How to Cook Quinoa in Chicken Broth

Try this easy way to add extra flavor to a nutritious side dish.

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boiled quinoa in white bowl, stock photo

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Quinoa originated thousands of years ago in the Andes and is known as "the gold of the Incas." Revered for its high nutrition values, quinoa (say "keen-wah") indeed packs a healthy wallop. This powerful little seed contains more protein than any other grain or seed and includes essential amino acids, lots of calcium, and big doses of lysine, iron, fiber, magnesium and the B vitamins. It's also full of potassium, vitamin E and a collection of antioxidants.

If that isn't enough to sell you, quinoa is gluten-free, with a nutty, earthy flavor and a fluffy, chewy texture. It's super-easy to cook, and it's versatile; try it in soups, salads, chili and stir-fries. It's not unheard of to see quinoa in cookies as well. It even comes in a few different colors — white, black and red.

Quinoa is the consummate side dish. It cooks quickly, and its mild flavor is tailor-made for endless meal variations. Simply stated, quinoa is a healthy and very affordable substitute for traditional animal-based proteins.

What's great about it

Need some more encouragement to give quinoa a try? Check out this impressive list of attributes:

  • Highly nutritious, non-GMO and typically grown organically. (Did you know that NASA scientists are considering quinoa as a likely crop to grow in space?)
  • Includes quercetin and kaempferol. Huh? These are super-healthy plant antioxidants called flavonoids, and they are found in high quantities in quinoa.
  • Highest fiber content of any grain, and fiber is your friend. With quinoa weighing in at about 10 to 16 grams of fiber per 100 grams, you're getting in the range of 17 to 27 grams of fiber per cup. Keep in mind that boiling quinoa reduces its fiber content, although it's still pretty high at about 2.5 grams per cup.
  • Packed with all nine of the essential amino acids, which our bodies need to remain healthy. Plan on getting 8 grams of this superfuel protein per cup.
  • Low glycemic index. This means quinoa is a good food to help control blood sugar.
  • Helps improve metabolic health. Studies show that eating quinoa instead of breads and pastas can significantly reduce blood sugar.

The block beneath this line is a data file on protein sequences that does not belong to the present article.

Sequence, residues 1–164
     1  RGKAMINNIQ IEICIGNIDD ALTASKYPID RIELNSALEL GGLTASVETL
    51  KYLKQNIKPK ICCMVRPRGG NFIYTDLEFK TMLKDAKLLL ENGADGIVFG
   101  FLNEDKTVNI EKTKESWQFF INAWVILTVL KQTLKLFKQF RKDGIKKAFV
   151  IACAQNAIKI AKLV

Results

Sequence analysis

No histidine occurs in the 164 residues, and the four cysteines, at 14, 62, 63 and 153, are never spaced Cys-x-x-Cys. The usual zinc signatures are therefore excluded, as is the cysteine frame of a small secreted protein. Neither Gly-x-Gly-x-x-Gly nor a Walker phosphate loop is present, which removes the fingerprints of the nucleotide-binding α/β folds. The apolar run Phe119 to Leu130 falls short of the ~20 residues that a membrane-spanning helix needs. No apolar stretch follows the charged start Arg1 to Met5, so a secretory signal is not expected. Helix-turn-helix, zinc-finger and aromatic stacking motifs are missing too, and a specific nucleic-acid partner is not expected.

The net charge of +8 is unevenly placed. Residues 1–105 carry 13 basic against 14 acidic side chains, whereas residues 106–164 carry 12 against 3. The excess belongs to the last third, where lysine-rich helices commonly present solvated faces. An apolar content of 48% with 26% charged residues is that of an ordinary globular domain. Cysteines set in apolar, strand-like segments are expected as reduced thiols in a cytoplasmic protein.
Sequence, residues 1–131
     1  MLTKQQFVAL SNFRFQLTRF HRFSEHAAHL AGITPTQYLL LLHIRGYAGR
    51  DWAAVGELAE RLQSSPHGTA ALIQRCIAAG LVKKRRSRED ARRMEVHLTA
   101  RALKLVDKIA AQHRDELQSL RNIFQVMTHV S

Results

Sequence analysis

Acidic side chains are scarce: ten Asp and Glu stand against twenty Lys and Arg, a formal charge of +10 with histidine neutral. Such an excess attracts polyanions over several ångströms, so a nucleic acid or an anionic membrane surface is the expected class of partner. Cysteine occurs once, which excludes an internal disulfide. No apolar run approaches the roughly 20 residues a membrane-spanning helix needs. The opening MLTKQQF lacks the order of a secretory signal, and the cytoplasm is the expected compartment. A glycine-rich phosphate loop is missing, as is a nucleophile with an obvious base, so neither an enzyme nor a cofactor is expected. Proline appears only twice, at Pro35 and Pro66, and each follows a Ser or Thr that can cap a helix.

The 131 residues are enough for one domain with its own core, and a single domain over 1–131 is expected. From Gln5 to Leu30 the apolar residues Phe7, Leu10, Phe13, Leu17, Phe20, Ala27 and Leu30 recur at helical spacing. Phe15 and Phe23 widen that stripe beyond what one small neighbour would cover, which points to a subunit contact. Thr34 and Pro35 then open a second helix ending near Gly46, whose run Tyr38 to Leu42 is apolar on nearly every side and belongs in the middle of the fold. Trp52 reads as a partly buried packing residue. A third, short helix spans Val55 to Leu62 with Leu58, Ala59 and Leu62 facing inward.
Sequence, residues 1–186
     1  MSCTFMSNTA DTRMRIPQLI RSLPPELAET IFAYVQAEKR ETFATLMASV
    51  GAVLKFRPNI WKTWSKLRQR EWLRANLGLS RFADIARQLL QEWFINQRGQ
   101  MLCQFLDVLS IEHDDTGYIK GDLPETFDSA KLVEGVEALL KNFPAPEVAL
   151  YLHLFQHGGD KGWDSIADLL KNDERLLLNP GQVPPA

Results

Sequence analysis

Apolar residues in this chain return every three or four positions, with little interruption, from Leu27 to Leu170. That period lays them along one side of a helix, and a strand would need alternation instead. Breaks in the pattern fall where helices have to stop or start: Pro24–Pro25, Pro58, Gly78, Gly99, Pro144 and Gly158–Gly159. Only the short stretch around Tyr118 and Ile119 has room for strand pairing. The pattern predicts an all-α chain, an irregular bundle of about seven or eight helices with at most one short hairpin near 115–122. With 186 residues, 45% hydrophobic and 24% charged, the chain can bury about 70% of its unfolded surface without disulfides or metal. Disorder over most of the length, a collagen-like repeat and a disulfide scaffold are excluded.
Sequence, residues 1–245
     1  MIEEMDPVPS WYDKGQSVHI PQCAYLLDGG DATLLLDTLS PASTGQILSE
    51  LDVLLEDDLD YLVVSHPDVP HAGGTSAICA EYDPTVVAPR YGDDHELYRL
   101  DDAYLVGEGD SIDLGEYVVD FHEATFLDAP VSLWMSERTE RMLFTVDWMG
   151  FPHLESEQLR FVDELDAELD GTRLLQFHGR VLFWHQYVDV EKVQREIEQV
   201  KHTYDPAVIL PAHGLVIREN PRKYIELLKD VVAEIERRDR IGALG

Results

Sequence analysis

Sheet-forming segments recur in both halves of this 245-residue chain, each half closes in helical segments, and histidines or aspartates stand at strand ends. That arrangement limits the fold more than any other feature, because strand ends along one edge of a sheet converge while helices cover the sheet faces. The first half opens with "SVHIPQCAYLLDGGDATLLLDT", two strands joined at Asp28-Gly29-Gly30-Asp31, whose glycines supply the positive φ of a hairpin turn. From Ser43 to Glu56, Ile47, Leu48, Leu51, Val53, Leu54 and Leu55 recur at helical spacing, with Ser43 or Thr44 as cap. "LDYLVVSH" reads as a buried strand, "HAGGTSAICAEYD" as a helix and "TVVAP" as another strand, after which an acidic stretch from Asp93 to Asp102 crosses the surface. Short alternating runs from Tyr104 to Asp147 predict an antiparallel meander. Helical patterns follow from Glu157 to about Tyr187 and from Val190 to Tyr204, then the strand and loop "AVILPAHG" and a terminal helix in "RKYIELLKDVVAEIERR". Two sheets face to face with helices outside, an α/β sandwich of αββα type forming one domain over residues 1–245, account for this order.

Preparing quinoa

When it comes to preparing this super seed, what's the best way to whip up a delicious meal?

Quinoa is typically prepared in water, but you can use chicken broth instead to add more flavor. If you go that route, be sure to choose low- or no-sodium broth to avoid spiking your sodium intake.

Here's a tried-and-true method for perfect quinoa:

  • Pour the quinoa in a strainer and rinse with cool water for about 2 minutes. Give the seeds a little rub and sift to be sure all of them get thoroughly washed, then let it drain. Don't skip this rinsing step or your quinoa will taste bitter. Quinoa has a natural coating called saponin that leaves a bitter or soapy taste.
  • Heat a saucepan over medium heat and add 1 tablespoon of oil (use canola or olive oil) for every cup of quinoa. Toast, stirring frequently, until it turns a honeyed color, about two minutes.
  • Pour in the chicken broth at a ratio of 2 cups broth to every 1 cup of quinoa, and bring the whole works to a boil. Then cover the pan, turn the heat to low, and cook 15 to 20 minutes or until all the liquid is absorbed.
  • Remove the pan from the burner and let it sit for 5 more minutes. This allows any remaining water to be absorbed, and the leftover heat finishes up the cooking process.
  • Remove the lid, fluff the seeds, and serve. Cooked quinoa seeds should have a translucent appearance.

Pro tips: A cup of dry quinoa typically equals 3 cups of cooked. Sauteed veggies, herbs or your favorite spices are great for adding extra flavor. Don't forget to try the red or black quinoa varieties, which are packed with anthocyanins (antioxidants).

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